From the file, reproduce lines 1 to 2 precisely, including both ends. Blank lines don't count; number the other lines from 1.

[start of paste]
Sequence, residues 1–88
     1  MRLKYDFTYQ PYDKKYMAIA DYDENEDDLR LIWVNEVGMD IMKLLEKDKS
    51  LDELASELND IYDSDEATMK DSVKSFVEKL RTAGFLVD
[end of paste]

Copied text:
Sequence, residues 1–88
     1  MRLKYDFTYQ PYDKKYMAIA DYDENEDDLR LIWVNEVGMD IMKLLEKDKS